One of the most fundamental questions in astronomy – how many galaxies the Universe contains – may be one step closer to being answered, as a recent census has reported that there are at least 10 times as many galaxies in the observable Universe as previously thought.
Ever since the mid 1990s when Hubble Deep Field images revealed a myriad of faint galaxies scattered in every direction, researchers have been trying to calculate their possible numbers and it has been estimated that around 100 billion galaxies populate the observable Universe. Now, an international team of astronomers using data from the NASA/ESA Hubble Space Telescopes and other telescopes have shown that this figure is at least ten times too low.
To arrive at this new figure, the team, whose lead author on the research paper is Christopher Conselice from the University of Nottingham, UK, painstakingly converted deep space images from Hubble and data from his team's previous work, into 3D, in order to make accurate measurements of the number of galaxies at different times in the Universe's history.
To supplement the images, the team also used new mathematical models which allowed them to infer the existence of galaxies, which due to technical limitations cannot be observed by the current generation of telescopes in use today. The results were startling and the team realised that to make the numbers add up some 90% of the galaxies in the observable Universe are actually too faint and too far away to be seen; yet.
"It boggles the mind that over 90% of the galaxies in the Universe have yet to be studied. Who knows what interesting properties we will find when we observe these galaxies with the next generation of telescopes," explains Conselice about what implications these new results present.
Looking 13 billion years into the past, analysis of the data showed that galaxies are not evenly distributed throughout the Universe's history. In fact, it appears that there were a factor of 10 more galaxies per unit volume when the Universe was only a few billion years old compared with today.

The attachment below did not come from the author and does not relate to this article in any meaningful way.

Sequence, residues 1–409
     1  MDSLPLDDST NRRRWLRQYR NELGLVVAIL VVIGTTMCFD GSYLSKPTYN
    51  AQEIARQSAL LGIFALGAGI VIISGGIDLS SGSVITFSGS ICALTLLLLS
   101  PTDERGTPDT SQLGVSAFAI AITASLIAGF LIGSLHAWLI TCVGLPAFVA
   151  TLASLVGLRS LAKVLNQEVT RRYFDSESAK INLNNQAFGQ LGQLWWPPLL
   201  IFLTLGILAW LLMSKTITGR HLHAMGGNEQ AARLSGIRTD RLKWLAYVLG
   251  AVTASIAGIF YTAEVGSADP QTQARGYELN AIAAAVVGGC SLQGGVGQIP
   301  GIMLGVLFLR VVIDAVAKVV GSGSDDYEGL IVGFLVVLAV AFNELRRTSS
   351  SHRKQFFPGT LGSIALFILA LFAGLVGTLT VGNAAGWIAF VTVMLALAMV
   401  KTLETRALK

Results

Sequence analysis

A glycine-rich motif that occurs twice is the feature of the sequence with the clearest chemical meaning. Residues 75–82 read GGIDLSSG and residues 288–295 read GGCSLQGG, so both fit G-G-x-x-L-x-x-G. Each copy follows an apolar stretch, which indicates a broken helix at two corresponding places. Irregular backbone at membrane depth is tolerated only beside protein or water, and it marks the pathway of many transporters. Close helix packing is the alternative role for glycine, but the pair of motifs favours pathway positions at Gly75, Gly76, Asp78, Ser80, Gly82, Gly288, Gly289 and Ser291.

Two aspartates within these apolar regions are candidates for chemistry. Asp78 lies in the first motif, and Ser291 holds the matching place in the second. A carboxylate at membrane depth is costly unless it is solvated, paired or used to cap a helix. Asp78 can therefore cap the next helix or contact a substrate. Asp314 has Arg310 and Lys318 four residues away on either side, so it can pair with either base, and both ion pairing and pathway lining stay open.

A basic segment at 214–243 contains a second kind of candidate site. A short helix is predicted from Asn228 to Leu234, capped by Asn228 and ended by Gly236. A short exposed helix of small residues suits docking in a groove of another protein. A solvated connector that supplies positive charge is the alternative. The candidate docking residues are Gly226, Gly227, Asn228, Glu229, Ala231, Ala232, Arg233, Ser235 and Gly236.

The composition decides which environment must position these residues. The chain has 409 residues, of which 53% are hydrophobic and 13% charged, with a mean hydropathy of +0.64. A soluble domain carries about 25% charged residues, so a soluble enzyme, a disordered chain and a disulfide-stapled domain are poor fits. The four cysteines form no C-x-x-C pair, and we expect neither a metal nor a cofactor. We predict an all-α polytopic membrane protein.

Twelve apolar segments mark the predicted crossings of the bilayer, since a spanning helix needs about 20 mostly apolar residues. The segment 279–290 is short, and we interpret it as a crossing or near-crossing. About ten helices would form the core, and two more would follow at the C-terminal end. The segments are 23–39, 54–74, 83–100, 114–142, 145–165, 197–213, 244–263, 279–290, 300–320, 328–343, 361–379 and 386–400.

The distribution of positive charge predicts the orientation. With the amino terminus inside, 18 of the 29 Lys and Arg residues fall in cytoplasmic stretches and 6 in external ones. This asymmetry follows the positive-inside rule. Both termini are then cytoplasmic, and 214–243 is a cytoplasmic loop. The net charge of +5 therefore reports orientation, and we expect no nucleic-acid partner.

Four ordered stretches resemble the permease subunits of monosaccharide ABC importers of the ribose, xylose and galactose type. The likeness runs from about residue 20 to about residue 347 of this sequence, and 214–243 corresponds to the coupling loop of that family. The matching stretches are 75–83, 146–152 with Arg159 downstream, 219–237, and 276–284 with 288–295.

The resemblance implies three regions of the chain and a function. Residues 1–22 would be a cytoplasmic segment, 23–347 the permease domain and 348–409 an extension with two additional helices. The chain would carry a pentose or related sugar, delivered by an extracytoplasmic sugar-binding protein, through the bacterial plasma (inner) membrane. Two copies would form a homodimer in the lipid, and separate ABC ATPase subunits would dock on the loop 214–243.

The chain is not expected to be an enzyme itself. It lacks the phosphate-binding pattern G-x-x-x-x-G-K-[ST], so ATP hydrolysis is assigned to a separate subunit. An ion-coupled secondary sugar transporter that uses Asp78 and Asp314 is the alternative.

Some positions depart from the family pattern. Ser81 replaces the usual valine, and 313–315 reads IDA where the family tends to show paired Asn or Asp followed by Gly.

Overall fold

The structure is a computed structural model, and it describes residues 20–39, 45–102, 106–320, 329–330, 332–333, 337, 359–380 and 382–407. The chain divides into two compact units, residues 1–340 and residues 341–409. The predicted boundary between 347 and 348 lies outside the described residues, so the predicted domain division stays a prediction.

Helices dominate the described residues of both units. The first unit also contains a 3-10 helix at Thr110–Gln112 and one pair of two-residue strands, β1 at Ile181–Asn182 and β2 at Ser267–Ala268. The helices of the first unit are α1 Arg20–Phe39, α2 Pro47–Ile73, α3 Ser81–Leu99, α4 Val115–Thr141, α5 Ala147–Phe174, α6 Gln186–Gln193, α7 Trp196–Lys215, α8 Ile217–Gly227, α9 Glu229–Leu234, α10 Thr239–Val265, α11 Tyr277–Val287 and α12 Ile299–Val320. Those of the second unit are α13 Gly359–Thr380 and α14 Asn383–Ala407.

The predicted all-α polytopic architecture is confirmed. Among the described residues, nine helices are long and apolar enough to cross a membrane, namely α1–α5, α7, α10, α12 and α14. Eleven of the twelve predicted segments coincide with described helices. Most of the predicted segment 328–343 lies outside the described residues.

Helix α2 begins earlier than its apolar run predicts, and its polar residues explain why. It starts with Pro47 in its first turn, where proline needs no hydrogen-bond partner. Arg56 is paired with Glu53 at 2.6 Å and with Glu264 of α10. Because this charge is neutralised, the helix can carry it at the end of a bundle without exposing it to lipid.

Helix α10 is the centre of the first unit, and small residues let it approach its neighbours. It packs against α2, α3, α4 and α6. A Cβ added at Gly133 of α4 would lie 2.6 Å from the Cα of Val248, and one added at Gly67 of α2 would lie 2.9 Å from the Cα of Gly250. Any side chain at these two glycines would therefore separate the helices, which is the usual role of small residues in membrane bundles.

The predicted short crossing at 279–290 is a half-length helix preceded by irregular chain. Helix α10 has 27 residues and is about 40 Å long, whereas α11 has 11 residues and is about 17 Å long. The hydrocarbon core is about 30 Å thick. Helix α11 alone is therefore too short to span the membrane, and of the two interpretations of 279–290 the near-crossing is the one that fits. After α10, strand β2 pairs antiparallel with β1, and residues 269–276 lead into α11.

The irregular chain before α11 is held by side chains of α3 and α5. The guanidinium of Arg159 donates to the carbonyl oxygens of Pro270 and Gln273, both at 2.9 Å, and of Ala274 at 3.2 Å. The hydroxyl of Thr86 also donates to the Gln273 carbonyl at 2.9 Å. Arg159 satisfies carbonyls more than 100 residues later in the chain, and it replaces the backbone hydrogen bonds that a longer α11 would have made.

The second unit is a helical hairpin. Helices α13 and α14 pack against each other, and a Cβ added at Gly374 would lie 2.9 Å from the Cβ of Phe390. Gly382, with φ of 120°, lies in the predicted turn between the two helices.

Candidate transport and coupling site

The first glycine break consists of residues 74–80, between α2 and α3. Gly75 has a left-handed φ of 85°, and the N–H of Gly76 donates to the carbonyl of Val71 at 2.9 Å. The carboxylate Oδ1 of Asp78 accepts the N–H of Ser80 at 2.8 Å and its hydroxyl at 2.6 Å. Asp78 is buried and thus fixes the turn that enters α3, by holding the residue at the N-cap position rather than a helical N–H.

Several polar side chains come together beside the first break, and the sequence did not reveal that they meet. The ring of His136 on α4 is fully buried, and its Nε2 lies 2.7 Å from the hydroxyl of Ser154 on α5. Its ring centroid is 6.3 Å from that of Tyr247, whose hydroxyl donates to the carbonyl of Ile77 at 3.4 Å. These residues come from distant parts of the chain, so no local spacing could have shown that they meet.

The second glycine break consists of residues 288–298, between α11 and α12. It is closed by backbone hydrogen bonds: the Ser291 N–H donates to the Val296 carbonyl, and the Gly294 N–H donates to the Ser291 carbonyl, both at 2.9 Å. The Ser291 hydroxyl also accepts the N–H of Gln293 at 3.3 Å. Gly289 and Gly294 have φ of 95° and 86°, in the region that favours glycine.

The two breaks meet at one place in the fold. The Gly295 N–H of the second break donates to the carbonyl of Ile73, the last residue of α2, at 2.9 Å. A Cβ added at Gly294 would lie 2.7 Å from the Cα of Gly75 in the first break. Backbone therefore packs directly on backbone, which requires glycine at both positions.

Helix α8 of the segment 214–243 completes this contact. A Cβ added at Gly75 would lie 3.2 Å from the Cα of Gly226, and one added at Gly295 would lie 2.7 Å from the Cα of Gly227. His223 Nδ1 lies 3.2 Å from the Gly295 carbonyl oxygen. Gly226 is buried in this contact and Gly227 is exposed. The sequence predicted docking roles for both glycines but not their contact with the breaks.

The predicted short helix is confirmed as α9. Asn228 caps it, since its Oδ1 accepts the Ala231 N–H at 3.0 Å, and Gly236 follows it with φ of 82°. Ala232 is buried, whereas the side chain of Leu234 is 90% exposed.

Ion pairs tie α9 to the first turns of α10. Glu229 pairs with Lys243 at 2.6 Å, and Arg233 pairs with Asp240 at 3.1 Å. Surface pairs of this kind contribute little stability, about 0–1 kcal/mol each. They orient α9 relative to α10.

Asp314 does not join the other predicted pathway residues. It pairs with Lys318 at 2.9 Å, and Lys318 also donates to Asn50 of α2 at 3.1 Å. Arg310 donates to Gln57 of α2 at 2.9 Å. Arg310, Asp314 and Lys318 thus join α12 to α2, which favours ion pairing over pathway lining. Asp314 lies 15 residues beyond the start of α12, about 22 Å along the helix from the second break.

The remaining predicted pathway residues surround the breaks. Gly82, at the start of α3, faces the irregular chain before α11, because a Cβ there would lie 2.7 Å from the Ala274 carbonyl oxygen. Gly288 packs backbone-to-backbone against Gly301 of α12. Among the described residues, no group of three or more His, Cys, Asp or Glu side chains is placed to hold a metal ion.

So what has become of these galaxies then? Most of these galaxies were relatively small and faint, with masses similar to those of the satellite galaxies that surround the Milky Way, such as the Large Magellanic Cloud (LMC). These results therefore are strong evidence that a significant evolution has taken place whereby galaxies have merged together and drastically reduced their numbers in the process.
"This gives us a verification of the so-called top-down formation of structure in the Universe," explains Conselice. The findings also help solve an ancient astronomical paradox known as Olbers paradox – why is the sky dark at night?
The team conclude that because the abundance of galaxies is so great, in principle, every point in the sky contains part of a galaxy. However, owing to a combination of factors, such as redshifting of light and absorption of light by intergalactic dust and gas, most of these galaxies are invisible to the human eye – even to modern telescopes – thus ensuring that the night sky remains mostly dark.
 The limited speed of light and the age of the Universe mean that the entire Universe cannot be seen from Earth. The part visible within our cosmological horizon is called the observable Universe.
 The astronomer Heinrich Olbers argued that the night sky should be permanently flooded by light, because in an unchanging Universe filled with an infinite number of stars, every single part of the sky should be occupied by a bright object. However, our modern understanding of the Universe is that it is both finite and dynamic -- not infinite and static.